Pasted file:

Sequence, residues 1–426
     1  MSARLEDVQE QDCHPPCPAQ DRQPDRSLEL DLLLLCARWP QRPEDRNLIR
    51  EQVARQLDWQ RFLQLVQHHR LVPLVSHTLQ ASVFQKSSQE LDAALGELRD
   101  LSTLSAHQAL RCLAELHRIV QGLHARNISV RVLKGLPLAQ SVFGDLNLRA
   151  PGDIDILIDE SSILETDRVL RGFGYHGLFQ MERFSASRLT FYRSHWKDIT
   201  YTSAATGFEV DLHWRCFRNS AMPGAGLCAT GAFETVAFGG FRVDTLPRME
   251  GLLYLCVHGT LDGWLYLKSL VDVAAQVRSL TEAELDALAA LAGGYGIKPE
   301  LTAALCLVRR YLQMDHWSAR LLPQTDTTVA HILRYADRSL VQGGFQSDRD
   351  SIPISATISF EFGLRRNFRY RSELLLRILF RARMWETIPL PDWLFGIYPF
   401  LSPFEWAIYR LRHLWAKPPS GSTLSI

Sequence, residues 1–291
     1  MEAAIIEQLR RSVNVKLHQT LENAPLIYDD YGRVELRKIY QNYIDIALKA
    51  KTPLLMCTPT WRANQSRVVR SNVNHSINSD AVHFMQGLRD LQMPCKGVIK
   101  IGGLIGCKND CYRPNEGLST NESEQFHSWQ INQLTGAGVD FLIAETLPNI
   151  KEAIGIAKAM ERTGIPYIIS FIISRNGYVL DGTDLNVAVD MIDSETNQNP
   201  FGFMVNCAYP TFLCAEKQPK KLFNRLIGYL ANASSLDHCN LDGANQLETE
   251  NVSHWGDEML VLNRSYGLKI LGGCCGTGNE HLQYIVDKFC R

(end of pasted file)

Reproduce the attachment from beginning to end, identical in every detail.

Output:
Sequence, residues 1–426
     1  MSARLEDVQE QDCHPPCPAQ DRQPDRSLEL DLLLLCARWP QRPEDRNLIR
    51  EQVARQLDWQ RFLQLVQHHR LVPLVSHTLQ ASVFQKSSQE LDAALGELRD
   101  LSTLSAHQAL RCLAELHRIV QGLHARNISV RVLKGLPLAQ SVFGDLNLRA
   151  PGDIDILIDE SSILETDRVL RGFGYHGLFQ MERFSASRLT FYRSHWKDIT
   201  YTSAATGFEV DLHWRCFRNS AMPGAGLCAT GAFETVAFGG FRVDTLPRME
   251  GLLYLCVHGT LDGWLYLKSL VDVAAQVRSL TEAELDALAA LAGGYGIKPE
   301  LTAALCLVRR YLQMDHWSAR LLPQTDTTVA HILRYADRSL VQGGFQSDRD
   351  SIPISATISF EFGLRRNFRY RSELLLRILF RARMWETIPL PDWLFGIYPF
   401  LSPFEWAIYR LRHLWAKPPS GSTLSI

Sequence, residues 1–291
     1  MEAAIIEQLR RSVNVKLHQT LENAPLIYDD YGRVELRKIY QNYIDIALKA
    51  KTPLLMCTPT WRANQSRVVR SNVNHSINSD AVHFMQGLRD LQMPCKGVIK
   101  IGGLIGCKND CYRPNEGLST NESEQFHSWQ INQLTGAGVD FLIAETLPNI
   151  KEAIGIAKAM ERTGIPYIIS FIISRNGYVL DGTDLNVAVD MIDSETNQNP
   201  FGFMVNCAYP TFLCAEKQPK KLFNRLIGYL ANASSLDHCN LDGANQLETE
   251  NVSHWGDEML VLNRSYGLKI LGGCCGTGNE HLQYIVDKFC R